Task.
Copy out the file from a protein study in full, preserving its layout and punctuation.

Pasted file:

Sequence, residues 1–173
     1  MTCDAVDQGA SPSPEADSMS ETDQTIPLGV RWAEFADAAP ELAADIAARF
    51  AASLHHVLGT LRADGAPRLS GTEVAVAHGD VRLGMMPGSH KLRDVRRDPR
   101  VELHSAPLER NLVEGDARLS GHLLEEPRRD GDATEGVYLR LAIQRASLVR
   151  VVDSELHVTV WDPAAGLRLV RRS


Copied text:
Sequence, residues 1–173
     1  MTCDAVDQGA SPSPEADSMS ETDQTIPLGV RWAEFADAAP ELAADIAARF
    51  AASLHHVLGT LRADGAPRLS GTEVAVAHGD VRLGMMPGSH KLRDVRRDPR
   101  VELHSAPLER NLVEGDARLS GHLLEEPRRD GDATEGVYLR LAIQRASLVR
   151  VVDSELHVTV WDPAAGLRLV RRS